onsdag 3. februar 2010

Announcing four new speakers at GamesBeat@GDC; Early bird pricing ends soon

We’re excited to announce four new speakers at our second annual game conference, GamesBeat@GDC, which takes place on Wednesday, March 10, during the Game Developers Conference at the Moscone Convention Center in San Francisco.
First, a word about our theme, Disruption 2.0. At GamesBeat@GDC we’ll focus on the next disruptions that will happen in the video game industry. In the past couple of years, social games with virtual goods business models have proved themselves and shaken up the status quo. The iPhone has become a hot platform and Apple hopes to extend further into games with the iPad. Digital distribution and online games are growing. Will these trends gather more momentum and prove to be sustainable, or will new platforms and business models disrupt the disruptors? The big game companies and brands are maneuvering into the space, even as successful startups are consolidating their gains and acquiring companies. Are console game makers poised to make a comeback as the recession ends? Everyone is looking to define the next-generation of games. Our conference will have the speakers from game companies that are doing the disrupting, adapting and growing.
Our newest speakers include:
Tomoko Namba, chief executive of Japan’s DeNA. She will speak on a panel on international game markets, dubbed Games Without Borders. Namba, who was a partner at the consulting firm McKinsey & Co. and holds an MBA from Harvard,  founded DeNA in 1999. The company operates Mobage-town, a mobile social networking service that has a 70-percent penetration rate among Japanese teens. The service has 250 free-to-play games that generate hundreds of millions of page views per day. DeNA’s Mobage-town generates $200 million in annual revenue.
The panel is a recognition of the fast growth for games on a global basis. In the past, Japan, the U.S. and Europe were all that mattered. But now players in countries such as Korea, China, and Russia have all experienced rapid growth. Japan itself is years ahead of the West in its development of mobile games. As those markets race ahead, will investors shift their attention to foreign investments? Will foreign companies invest in the U.S. market? Or will something get lost in cross-border translation? What can we learn from the success of some of the world’s new titans in games?
Klaas Kersting, chief executive of Germany’s Gameforge, a pioneer in free-to-play online games. Kersting will join Namba on the Games Without Borders panel. While American game companies have debated the value of free games with virtual goods business models, Germany’s Gameforge has gone headfirst into making these games. The 400-person company has grown its revenue 6,261 percent in the past five years. Gameforge specializes in making browser-based massively multiplayer games. It operates 18 of them in 50 languages and has more than 100 million users.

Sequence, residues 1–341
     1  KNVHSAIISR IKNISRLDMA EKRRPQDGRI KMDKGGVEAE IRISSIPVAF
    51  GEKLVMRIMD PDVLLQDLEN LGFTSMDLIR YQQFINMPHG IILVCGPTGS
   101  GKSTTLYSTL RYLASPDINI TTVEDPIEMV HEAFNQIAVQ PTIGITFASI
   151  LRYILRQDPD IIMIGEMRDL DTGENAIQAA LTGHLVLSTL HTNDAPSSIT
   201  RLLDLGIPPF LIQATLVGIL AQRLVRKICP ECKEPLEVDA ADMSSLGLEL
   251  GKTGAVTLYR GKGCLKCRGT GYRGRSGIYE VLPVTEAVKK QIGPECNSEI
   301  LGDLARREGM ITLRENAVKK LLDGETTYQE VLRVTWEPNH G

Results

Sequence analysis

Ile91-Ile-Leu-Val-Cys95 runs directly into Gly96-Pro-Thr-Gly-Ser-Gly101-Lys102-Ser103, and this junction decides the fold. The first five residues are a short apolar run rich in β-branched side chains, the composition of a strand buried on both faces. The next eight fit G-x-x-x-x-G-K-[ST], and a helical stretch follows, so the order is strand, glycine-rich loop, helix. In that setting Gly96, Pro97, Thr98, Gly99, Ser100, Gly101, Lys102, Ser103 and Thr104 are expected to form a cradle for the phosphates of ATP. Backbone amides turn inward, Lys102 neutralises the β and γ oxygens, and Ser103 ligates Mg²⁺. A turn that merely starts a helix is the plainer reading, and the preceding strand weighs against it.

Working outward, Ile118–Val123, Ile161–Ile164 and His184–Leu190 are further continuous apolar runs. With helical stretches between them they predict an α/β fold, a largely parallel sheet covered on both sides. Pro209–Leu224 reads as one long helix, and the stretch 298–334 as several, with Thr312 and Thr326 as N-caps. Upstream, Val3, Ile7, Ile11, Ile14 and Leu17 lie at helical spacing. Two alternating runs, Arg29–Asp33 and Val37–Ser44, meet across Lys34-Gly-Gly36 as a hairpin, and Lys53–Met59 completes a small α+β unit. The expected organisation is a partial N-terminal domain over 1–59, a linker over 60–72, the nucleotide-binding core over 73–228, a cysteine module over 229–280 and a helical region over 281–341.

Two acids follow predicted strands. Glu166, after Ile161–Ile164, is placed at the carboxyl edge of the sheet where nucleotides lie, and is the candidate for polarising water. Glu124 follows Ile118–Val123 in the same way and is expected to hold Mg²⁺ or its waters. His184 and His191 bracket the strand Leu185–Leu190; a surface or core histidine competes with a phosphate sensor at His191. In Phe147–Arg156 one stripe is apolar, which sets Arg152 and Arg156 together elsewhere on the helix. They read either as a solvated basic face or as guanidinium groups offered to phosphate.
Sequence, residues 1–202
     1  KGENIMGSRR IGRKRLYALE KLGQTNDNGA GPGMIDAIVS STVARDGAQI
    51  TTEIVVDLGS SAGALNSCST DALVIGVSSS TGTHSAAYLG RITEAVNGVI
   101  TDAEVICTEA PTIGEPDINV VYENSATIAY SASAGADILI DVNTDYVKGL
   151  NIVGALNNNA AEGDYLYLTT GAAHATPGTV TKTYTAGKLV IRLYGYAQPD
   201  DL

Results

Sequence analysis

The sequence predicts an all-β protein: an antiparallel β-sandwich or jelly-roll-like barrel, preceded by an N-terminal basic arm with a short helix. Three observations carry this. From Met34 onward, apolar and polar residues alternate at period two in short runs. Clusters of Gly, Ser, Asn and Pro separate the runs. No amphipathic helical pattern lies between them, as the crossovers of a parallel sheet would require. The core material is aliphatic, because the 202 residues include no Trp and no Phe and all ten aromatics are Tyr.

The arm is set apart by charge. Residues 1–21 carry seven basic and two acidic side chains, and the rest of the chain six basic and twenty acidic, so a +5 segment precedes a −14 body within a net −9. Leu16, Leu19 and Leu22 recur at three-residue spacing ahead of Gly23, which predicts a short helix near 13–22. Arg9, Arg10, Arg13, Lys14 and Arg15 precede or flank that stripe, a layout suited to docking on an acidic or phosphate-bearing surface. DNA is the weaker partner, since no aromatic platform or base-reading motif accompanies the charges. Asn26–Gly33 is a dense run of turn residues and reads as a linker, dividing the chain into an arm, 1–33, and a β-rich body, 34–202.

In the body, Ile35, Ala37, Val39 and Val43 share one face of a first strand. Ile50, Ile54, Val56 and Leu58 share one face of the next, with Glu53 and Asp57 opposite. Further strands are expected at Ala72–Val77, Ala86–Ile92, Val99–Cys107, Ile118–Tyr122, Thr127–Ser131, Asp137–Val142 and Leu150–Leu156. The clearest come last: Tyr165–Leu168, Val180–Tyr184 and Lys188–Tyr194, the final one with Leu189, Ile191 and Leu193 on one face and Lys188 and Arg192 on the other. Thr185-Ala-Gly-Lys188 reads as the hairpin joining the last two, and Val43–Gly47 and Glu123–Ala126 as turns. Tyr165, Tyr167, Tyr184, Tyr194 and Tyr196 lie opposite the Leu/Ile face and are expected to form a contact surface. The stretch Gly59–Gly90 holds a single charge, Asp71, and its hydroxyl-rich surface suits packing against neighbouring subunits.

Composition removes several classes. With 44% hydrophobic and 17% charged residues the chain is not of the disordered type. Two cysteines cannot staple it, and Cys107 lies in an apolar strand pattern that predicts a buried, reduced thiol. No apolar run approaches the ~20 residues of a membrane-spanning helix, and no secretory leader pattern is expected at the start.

Alex St. John, president and chief technology officer of social network hi5. St. John likes to rattle cages and shake things up, as we saw on our panel on at DiscoveryBeat. He has big plans for hi5, a social network with 60 million users but which is an underdog competing against giants such as Facebook and MySpace. St. John intends to shift hi5’s game platform into high gear. Before joining hi5, he was the founder of online game firm Wild Tangent and was also the game evangelist at Microsoft that got the company to create the DirectX multimedia technology that became the foundation for games Windows and the Xbox.
St. John will speak on a panel about disruptive game platforms. It will focus on what the owners of game platforms, from the consoles to the social networks, can do to foster the growth of games. Is the winner of the game wars going to be new social game platforms like Facebook, or will it be the traditional companies backing console and web site games?

Brian Reynolds, chief designer at Zynga. Reynolds has been in the game business for 18 years and is widely recognized as one of its most talented game designers. He played a big role founding two successful game studios, Firaxis and Big Huge Games. At Firaxis, he worked along legendary designer Sid Meier, creating games such as Civilization II and Alpha Centauri. At Big Huge Games, he created Rise of Nations. I recall doing multiple interviews with Reynolds over the years. When he demoed Alpha Centauri to me, I remember how he guffawed when he showed off a nuclear bomb. (It was all pretend, of course). Now Reynolds is taking his experience as a hardcore game designer and applying it to the new market of social games on Facebook. At Zynga, he is running the Zynga East studio on new kinds of social strategy games.
GamesBeat@GDC’s previously announced speakers include keynote speaker Steve Perlman, chief executive of OnLive, who will talk about his company’s games-on-demand service and how it could disrupt the retail distribution of games as well as the sale of high-end hardware for playing games.
Our other previously announced speaker is John Schappert, chief operating officer of Electronic Arts. In a moderated fireside chat, he will discuss how developers, publishers and investors can navigate the risks of the digital transformation.  How quickly is the game industry evolving to a totally online model, and what will it look like when we get there?  Does this mean that the shiny disc is dead?  And, does social gaming really break all the rules, or will it follow an orderly progression toward big brands like mobile and smart phones?
Please note that early bird pricing for GamesBeat@GDC ends at midnight on Feb. 4. To register for the conference, follow this link and click on the registration tab.

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